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Kerala assembly has no constitutional or legal validity over citizenship law, says governor

The Kerala Assembly Tuesday passed a resolution demanding scrapping of the controversial Citizenship Amendment Act, becoming the first state in the country to do so.

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Thiruvananthapuram: Kerala Governor Arif Mohammed Khan Thursday said the resolution passed by the state assembly demanding scrapping of the controversial Citizenship Amendment Act (CAA) has no constitutional or legal validity.

The state had no role because citizenship comes under the domain of the Central government, he told reporters here.

“The resolution has no constitutional or legal validity,” he added.

“Citizenship comes exclusively in the domain of the Central government. The state government has no role. So, why these people engaged in something which is a non-issue for Kerala?, he asked.

Pointing out that the southern state had not been affected by partition, the Governor said there are no illegal immigrants in Kerala.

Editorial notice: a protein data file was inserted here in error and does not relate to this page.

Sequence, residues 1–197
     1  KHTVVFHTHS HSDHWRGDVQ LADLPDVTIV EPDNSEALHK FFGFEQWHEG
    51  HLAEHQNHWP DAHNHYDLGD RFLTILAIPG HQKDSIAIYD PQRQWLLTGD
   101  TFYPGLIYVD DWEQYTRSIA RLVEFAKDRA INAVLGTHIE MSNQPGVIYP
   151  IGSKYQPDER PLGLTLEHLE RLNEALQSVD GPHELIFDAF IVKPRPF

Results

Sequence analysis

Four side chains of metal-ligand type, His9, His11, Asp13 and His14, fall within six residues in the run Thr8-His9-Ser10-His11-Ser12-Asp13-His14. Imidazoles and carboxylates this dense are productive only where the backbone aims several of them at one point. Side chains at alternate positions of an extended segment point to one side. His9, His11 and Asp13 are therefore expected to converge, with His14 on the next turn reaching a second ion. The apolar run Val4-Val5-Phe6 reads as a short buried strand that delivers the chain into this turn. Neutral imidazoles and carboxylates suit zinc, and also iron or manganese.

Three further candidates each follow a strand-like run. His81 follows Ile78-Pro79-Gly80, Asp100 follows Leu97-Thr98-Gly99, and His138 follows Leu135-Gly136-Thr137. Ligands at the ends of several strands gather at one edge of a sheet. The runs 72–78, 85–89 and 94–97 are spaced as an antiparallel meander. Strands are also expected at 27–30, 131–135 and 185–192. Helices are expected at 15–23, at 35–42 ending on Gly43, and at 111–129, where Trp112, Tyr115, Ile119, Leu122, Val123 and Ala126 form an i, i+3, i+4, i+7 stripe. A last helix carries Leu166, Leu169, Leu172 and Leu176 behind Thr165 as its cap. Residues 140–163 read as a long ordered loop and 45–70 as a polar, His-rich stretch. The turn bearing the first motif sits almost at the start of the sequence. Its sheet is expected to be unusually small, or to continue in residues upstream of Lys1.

The Governor has also criticised the just concluded Indian History Congress, held in Kannur, where protests had been raised against him for his remarks on the CAA.

Khan said the History Congress has claimed that it has made some recommendations to the state government, including not to cooperate with the Centre.

The recommendations are “totally illegal” and has “criminal content”, he said.

The Kerala Assembly Tuesday passed the resolution becoming the first state in the country to do so.


Also read: Why Supreme Court of India won’t strike down Modi govt’s Citizenship Amendment Act


 

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